Program leverages lot to house veterans in Duluth
State, local agencies tab accessory dwelling units of 800 square feet or less as solution for homelessness.
DULUTH — Kevin Beichler spent 23 years doing active duty in the U.S. Air Force before becoming an advocate for homeless veterans in retirement.
“Everybody deserves a right to be housed and have a home — period,” Beichler said. “That’s the bottom line.”
On Friday, Beichler met the News Tribune on West Third Street in Lincoln Park to showcase the newest solution to veteran homelessness — a single lot that will suit two 500-square foot homes aimed at housing veterans by fall.
“This is going to be permanent housing,” Beichler said. “It’ll be theirs until the day they decide to leave.”
Beichler is the north regional director based in Duluth for the Minnesota Assistance Council for Veterans. He stood outside the first of two homes which had yet to be lifted by crane and set into place.
Last month, MAC-V, as it’s affectionately known, helped declare an effective end to homelessness in St. Louis County. It was programs like the one Beichler was showcasing that helped get to that point.
“It’s a new tool for us, it’s a new avenue and opportunity for us to look at more affordable housing for veterans,” Beichler said.
The homes will go to veterans eligible for federal rental vouchers.
In this case, MAC-V is teaming with Twin Cities-based manufacturer YardHomes to bring prefabricated modular housing units to Duluth. There are plans to bring more like it to other neighborhoods in the city.
YardHomes was founded in 2020 in New Brighton, Minnesota, as a special benefit corporation with “a social mission to create more homes for more people in more places,” explained Jamie Stolpestad, a partner in the business.
The homes are built one at a time inside a large facility and are valued at roughly $150,000 — about half the cost of an average unit of newly built affordable housing, Stolpestad said.
“It’s a great and cost-effective way to add new housing,” Stolpestad said. “You have street power, water and sewer, and you’re just gently adding density to the neighborhood.”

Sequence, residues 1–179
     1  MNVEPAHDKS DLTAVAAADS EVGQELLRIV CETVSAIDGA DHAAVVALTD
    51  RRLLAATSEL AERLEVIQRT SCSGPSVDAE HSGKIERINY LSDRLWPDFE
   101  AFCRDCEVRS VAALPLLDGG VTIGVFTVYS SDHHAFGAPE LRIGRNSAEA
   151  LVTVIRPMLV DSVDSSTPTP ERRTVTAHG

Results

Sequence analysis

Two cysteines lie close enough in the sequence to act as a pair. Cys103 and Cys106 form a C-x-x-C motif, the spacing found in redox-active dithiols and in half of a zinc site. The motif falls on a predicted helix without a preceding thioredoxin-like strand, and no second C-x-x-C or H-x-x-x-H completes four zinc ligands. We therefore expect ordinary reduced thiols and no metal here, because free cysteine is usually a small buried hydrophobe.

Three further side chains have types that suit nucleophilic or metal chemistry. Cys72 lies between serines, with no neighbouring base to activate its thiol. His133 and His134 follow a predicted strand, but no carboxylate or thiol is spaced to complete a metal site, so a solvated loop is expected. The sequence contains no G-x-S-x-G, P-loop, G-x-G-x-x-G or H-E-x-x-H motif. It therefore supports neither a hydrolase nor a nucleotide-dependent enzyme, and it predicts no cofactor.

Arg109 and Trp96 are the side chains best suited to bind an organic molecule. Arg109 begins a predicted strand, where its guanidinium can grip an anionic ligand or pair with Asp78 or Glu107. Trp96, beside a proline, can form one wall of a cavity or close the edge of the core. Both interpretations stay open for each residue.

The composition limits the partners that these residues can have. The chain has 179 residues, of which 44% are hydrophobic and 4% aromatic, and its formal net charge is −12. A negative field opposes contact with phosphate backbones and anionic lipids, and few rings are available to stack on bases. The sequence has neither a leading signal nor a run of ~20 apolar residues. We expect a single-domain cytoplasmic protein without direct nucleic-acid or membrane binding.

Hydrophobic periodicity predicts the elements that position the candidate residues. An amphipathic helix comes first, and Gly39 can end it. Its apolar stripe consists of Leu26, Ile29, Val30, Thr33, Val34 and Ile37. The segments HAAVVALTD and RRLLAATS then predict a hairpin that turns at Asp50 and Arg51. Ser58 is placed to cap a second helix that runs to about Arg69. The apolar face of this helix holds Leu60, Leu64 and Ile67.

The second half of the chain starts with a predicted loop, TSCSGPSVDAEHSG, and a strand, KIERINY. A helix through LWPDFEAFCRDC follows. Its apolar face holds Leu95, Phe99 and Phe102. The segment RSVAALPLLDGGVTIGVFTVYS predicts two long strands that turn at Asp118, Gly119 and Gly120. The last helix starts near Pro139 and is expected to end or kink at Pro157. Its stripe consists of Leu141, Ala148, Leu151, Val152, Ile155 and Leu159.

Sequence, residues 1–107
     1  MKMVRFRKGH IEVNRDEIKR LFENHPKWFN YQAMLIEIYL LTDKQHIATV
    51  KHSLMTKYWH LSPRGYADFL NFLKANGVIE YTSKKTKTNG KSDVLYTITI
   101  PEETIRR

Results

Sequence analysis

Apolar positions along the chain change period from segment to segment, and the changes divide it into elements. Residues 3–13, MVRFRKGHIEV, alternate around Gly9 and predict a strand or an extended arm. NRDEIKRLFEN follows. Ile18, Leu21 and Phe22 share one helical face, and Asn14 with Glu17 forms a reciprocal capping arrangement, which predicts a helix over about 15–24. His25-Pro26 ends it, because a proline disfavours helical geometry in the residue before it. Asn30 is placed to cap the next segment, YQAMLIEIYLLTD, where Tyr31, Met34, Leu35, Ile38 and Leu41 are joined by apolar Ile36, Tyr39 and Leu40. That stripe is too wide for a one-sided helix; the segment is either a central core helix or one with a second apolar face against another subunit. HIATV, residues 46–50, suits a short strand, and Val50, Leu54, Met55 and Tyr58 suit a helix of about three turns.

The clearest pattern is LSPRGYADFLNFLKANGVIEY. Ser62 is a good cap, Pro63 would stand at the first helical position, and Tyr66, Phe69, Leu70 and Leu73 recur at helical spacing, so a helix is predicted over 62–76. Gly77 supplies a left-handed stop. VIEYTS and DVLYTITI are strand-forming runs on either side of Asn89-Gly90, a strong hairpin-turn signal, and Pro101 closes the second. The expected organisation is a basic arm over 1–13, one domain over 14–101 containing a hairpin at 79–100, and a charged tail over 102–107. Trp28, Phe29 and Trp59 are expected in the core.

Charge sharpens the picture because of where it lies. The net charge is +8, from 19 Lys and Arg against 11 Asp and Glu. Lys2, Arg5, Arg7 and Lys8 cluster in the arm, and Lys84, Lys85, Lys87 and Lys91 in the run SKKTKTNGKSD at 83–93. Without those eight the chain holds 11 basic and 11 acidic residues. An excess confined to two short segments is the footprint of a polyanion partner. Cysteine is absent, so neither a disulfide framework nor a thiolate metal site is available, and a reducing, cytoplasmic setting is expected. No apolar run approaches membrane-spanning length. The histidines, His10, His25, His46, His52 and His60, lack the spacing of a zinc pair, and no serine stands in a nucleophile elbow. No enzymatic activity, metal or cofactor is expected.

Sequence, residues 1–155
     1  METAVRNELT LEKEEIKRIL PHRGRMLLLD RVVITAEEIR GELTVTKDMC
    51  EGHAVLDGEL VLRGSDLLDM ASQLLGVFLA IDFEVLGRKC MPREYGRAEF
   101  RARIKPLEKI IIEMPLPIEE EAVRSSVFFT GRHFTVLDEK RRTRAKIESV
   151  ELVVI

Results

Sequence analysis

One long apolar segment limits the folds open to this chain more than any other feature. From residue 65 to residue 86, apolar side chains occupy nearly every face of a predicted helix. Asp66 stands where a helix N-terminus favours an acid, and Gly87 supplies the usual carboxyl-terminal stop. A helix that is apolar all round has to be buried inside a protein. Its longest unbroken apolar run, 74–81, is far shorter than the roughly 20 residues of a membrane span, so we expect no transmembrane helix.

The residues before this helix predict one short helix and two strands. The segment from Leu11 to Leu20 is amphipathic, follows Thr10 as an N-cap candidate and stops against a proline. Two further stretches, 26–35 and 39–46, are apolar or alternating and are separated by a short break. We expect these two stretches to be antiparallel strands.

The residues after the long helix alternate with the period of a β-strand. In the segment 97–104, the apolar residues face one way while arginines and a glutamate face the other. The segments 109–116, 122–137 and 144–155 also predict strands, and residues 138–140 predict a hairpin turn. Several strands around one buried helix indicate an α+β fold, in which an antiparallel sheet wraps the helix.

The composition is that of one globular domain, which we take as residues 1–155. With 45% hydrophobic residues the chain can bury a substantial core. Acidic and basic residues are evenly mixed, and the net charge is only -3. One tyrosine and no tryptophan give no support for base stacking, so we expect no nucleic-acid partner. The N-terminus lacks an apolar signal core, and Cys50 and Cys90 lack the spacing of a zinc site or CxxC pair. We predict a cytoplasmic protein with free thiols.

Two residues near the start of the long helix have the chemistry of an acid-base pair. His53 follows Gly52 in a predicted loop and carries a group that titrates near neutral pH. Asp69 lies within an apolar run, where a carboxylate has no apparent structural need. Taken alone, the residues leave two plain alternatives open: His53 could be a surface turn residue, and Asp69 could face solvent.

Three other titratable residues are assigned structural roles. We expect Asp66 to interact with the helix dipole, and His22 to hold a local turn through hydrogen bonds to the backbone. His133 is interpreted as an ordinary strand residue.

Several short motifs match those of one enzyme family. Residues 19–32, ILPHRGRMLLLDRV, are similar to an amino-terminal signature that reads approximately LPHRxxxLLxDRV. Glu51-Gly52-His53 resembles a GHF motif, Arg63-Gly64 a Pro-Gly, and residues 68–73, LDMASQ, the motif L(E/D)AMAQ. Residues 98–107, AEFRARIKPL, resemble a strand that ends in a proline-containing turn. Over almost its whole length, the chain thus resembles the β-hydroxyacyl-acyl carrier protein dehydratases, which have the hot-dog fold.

Stolpestad praised the city of Duluth, St. Louis County and Duluth Economic Development Authority for helping to make the future development happen.
“It’s really a smart thing to do and we wish other cities and counties would do more of it,” Stolpestad said.
The project leverages Duluth’s accessory dwelling unit ordinance, which allows additional smaller dwellings under 800 square feet to be joined onto an existing property.
Designed for seniors to remain in neighborhoods and live on, say, a family member’s lot, YardHomes sees accessory dwelling units as something to take further advantage of tax-forfeited lots — which is the case with the MAC-V property in Lincoln Park.
“It can be for everybody,” Stolpestad said. “There’s tons of idle land … and land converted to productive use for housing could be a really good outcome.”
The twin homes that will be located at 2817 W. Third St., will have ready access to a bus line outside their doors. The homes are larger than the typical tiny homes by a few hundred square feet.
There are currently eight veterans on the county’s registry of homeless veterans, and 109 homeless veterans have been housed in St. Louis County since 2014. The idea of functionally ending veteran homelessness is to rapidly rehouse newly identified veterans in trouble.
“My team knows every individual currently homeless by name and where they’re at in St. Louis County,” Beichler said. “We have a process to identify, provide services and stably house them within 90 days.”
Because people who are chronically homeless risk slipping back even after they’re housed, MAC-V provides ongoing case management for the veterans it houses.
“Once we get to a point where this person is working, paying his bills, saving his money — that’s what we call stable and then we back off,” Beichler said.
He figures the lot and its two new homes will be all set up by September, in time for a Minnesota Coalition for the Homeless Annual Conference in Duluth on Sept. 29-30.
“We’re going to have an open house in the neighborhood,” Beichler said. “So they can all see it.”